New Jersey’s bid to pass a law to require pregnant teenagers from obtaining an abortion unless their parents were notified was a big issue in state politics two decades ago and ended with the intervention of the courts.
This was the first time the New Jersey Legislature had taken up bills regarding abortion since 1982, when the New Jersey Supreme Court ruled that abortion restrictions infringed on women’s right to control their bodies, but that opinion also acknowledged abortion as an issue “assumed a new dimension” after the U.S. Supreme Court’s Roe v. Wade decision in 1973.
At the time, the state had a Republican governor, Christine Todd Whitman, and majorities in both houses of the legislature. Whitman was strongly pro-choice and an opponent of abortion restrictions, but a rising star in national GOP politics. At the time, she was the likely Republican nominee for the open U.S. Senate seat created by Frank Lautenberg’s retirement.
After a debate that lasted about an hour, the New Jersey State Assembly voted 59-17 to pass a parental notification bill on June 10, 1999.
Of the original sponsors of the bill, only one remains in the legislature: State Sen. Sam Thompson (R-Old Bridge), who was an assemblyman at the time. Only one Democrat was listed as a sponsor: Assemblyman Peter Barnes (D-Edison).
Two weeks later, the State Senate passed the same bill 30-8. The same day, the Assembly approved an amended version, 59-18. Whitman signed the bill four days after that.
On September 23, just five days before the law was due to take effect, Superior Court Judge Marguerite Simon rejected a bid to stop the new law. Two days later, Supreme Court Justice Gary Stein, a Republican nominated by Gov. Thomas Kean, blocked the parental notification bill from taking effect.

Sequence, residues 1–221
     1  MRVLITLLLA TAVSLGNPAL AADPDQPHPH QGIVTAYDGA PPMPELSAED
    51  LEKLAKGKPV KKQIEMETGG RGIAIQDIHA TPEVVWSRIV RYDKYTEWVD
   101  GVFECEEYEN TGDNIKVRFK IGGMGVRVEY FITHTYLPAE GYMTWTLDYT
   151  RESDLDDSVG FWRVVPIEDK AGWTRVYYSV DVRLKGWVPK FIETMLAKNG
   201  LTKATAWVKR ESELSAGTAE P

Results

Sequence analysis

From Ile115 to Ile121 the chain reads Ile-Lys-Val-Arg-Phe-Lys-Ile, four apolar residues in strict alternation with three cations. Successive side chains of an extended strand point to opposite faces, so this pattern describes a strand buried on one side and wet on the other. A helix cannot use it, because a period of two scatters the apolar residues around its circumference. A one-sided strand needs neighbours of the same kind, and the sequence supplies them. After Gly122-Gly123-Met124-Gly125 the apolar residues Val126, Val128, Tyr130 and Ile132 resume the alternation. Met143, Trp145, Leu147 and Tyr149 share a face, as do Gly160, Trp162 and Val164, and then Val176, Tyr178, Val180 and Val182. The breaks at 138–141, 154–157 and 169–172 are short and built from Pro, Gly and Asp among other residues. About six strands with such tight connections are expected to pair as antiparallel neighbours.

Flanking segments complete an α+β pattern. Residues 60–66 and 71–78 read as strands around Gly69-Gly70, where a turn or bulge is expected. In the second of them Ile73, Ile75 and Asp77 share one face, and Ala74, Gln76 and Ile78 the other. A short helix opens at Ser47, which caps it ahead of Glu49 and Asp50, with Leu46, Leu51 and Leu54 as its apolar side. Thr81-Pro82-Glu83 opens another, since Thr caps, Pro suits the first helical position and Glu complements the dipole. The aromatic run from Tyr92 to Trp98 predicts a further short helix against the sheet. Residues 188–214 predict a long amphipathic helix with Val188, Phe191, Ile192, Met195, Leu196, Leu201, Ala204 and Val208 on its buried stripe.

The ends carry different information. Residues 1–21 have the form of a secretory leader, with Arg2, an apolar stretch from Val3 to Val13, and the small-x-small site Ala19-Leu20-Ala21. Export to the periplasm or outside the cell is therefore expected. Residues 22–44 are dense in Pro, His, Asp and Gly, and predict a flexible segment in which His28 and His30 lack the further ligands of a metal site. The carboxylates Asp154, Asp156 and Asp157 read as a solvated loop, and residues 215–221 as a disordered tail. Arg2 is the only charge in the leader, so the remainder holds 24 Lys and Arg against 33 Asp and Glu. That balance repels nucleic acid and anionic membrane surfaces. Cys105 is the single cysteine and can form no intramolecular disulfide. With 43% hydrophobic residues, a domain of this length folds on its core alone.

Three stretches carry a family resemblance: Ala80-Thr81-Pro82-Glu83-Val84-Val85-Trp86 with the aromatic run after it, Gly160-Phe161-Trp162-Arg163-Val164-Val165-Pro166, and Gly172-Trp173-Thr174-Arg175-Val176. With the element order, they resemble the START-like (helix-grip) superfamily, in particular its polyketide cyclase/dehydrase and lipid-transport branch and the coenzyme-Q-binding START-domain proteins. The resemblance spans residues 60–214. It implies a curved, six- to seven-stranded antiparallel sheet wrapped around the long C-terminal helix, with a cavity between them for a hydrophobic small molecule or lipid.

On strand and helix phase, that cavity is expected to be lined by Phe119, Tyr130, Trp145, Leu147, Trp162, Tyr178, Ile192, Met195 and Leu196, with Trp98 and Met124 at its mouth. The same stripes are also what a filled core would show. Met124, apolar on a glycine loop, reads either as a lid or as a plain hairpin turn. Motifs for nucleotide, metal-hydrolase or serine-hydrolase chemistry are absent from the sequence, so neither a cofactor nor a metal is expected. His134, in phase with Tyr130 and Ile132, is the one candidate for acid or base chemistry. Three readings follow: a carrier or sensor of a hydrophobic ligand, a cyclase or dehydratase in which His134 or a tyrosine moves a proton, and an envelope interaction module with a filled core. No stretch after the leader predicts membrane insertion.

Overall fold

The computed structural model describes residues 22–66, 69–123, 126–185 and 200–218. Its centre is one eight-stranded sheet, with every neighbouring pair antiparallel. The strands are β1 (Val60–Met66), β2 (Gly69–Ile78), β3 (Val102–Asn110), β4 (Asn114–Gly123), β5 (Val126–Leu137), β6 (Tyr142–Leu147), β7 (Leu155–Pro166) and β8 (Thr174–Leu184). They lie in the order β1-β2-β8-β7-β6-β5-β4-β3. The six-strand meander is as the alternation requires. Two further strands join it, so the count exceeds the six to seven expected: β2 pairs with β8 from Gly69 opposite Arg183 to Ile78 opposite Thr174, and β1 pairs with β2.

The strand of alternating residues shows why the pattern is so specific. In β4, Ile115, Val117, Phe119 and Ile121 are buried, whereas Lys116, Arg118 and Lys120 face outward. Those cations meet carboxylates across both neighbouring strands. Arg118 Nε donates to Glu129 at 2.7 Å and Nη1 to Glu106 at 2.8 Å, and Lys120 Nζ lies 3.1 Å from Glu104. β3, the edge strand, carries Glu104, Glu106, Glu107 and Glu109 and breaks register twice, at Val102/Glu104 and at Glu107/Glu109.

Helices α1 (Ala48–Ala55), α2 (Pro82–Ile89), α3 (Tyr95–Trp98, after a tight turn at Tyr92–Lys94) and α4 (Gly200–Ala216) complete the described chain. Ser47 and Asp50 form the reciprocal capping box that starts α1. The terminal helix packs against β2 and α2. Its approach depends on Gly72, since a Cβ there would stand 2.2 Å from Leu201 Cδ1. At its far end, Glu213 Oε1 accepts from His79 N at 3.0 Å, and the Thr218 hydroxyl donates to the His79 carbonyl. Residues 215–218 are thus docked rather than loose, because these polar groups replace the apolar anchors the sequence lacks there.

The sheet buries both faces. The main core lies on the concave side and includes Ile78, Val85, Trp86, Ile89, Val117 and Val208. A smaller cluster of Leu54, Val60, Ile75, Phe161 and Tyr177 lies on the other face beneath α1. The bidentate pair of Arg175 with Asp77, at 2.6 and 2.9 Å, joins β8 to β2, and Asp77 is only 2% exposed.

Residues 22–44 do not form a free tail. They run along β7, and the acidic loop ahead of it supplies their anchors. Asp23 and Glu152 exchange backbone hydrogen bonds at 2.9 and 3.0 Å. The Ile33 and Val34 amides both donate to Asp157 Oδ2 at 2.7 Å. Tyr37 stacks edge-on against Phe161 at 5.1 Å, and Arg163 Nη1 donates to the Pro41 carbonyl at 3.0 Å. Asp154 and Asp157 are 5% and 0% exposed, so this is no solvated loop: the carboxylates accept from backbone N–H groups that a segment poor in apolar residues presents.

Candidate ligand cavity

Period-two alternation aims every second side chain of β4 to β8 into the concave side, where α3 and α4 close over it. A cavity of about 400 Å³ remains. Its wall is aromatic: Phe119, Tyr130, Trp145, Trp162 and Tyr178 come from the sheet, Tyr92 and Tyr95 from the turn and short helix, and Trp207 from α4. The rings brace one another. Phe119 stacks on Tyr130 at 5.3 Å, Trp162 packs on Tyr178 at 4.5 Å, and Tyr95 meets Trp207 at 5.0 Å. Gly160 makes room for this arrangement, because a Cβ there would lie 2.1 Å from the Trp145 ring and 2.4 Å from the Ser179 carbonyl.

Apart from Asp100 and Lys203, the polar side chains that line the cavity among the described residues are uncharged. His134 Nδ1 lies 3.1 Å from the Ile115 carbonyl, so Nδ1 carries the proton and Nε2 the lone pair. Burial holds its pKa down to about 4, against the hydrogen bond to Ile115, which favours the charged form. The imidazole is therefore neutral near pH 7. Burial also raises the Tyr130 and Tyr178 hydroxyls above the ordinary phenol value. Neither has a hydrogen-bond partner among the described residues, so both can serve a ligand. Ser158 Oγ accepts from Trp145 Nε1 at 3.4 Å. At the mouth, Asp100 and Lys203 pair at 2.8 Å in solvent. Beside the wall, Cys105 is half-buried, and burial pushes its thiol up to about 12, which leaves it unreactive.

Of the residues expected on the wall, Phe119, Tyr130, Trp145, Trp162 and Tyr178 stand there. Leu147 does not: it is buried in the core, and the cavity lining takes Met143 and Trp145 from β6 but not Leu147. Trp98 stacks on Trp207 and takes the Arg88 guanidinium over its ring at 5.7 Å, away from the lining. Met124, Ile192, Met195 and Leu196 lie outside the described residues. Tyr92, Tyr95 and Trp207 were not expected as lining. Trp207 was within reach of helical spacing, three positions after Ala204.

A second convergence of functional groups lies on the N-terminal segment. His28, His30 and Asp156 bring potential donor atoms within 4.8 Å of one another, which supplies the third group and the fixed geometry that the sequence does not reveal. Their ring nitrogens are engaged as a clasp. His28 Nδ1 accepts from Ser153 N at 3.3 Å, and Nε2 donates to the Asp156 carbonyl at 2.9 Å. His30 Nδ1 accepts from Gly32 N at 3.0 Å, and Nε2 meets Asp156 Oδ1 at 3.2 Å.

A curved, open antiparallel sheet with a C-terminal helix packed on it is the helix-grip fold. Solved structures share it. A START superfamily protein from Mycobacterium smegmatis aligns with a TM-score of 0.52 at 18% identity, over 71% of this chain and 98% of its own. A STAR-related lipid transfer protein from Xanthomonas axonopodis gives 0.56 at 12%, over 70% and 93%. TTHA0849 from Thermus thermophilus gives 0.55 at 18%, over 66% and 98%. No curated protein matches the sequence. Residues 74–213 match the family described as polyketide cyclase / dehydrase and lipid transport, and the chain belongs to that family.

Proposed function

In a 4-2 decision, the New Jersey Supreme Court struck down the new law on August 15, 2000, declaring it unconstitutional. The court ruled that the law would have discriminated against young women based on whether they wanted to abort their pregnancy or carry them to term.
The decision found that “”the State may not affirmatively tip the scales against the right to choose an abortion absent compelling reasons.”
Chief Justice Deborah Poritz, who wrote the majority opinion, was joined by James Coleman, Virginia Long, and Stein. All but Long were Republicans.
The two dissenters, Daniel O’Hern and Peter Verniero, argued that the law did not affect a right to have an abortion. O’Hern was a former Democratic mayor of Red Bank. Verniero, a former executive director of the Republican State Committee, had followed Poritz as Whitman’s attorney general.
Supporters of the law in the legislature, led by Assembly Speaker Jack Collins, moved to amend the State Constitution to permit laws that would require parental consent for any medical treatment, including drug addiction.
Just before Thanksgiving, the Assembly voted 44-14 to put the constitutional amendment on the ballot for voters to decide.
The Senate didn’t approve the proposed amendment until June 2001 and only did so by a narrow 21-15 majority.
Since neither house approved the amendment by a super-majority, the bill had to be passed again in 2002 to get on the ballot.
The election of a Democratic governor, James E. McGreevey, a Democratic majority in the State Assembly, and a Senate where each party held 20 seats prevented the measure from ever appearing on the ballot.